Few people outside our trade can even begin to appreciate the amount of work and time it takes to develop into an above average salesperson. Not a personality. Not a type. Not a specific profile, which can be duplicated, but a master of his/her craft.
By master of the craft, I mean the master of a technique (or combination of techniques) that you can rely upon deal after deal, in any and all situations.
Not many people are ready to invest that much time and effort in their sales career. The emphasis usually is not on career development but on quick returns. Anybody in sales can name a number of professionals who left the sales business for something less profitable because the "price to pay for success was too high".
Initial frustration is part of the process, and it can't be avoided. There is no concert pianist alive who hasn't spent years practicing scales. There is no winning athlete who hasn't come back from a few bad games. There is no top salesperson that hasn't overcome disappointment, fatigue or financial stress in order to get to that higher degree of excellence. The good side is that the frustrations are soon forgotten and the laurels remain to remind us that it was a long, but worthwhile journey, although with no destination in sight.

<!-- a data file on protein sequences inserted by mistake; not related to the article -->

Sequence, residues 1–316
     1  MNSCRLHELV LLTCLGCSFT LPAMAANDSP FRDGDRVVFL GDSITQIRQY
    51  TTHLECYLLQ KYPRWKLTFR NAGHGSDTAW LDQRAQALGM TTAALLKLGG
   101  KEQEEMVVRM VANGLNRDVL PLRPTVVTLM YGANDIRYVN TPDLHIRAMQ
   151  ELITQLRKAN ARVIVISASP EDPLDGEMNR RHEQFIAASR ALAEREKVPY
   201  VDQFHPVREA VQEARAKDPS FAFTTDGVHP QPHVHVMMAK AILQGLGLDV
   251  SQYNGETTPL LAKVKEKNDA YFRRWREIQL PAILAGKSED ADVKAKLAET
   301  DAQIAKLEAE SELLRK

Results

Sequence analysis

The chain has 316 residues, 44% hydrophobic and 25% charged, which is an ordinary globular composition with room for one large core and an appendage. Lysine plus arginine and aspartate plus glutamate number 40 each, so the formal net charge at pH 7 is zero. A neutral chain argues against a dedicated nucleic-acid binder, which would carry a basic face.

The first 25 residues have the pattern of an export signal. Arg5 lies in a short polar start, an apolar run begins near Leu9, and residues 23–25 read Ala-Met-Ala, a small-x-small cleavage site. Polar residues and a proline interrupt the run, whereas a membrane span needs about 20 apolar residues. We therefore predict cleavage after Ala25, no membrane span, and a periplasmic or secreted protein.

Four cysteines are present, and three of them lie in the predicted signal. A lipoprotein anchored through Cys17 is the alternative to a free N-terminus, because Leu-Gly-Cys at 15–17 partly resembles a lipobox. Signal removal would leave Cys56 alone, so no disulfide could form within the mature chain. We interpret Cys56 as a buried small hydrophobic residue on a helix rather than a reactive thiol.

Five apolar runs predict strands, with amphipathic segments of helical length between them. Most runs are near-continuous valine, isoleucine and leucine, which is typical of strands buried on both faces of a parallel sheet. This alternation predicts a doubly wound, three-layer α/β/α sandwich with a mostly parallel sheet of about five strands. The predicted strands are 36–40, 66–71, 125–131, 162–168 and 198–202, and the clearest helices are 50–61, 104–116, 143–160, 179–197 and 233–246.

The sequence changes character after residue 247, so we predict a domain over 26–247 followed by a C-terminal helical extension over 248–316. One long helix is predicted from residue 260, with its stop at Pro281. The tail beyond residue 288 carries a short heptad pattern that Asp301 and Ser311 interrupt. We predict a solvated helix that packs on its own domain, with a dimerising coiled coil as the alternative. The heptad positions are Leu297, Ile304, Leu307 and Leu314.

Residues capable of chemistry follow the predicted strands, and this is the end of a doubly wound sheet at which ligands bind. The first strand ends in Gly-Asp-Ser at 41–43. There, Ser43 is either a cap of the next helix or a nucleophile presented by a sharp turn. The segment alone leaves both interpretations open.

Muhammad Ali said: "It's lack of faith that makes people afraid of meeting challenges, and I believe in myself." Many people never pursue their dreams, not because they don't have dreams or because they don't know how to get there, but because they don't have the faith in themselves to be able to carry out their dreams. We can sometimes look at successful people, especially the very successful, and believe that they are somehow better than us or different than us. We believe in them, but not in us. Most successful men and women in the world are not much different than you and me. I wonder how many boxers could have been another Muhammad Ali but didn't believe enough in themselves to get there.
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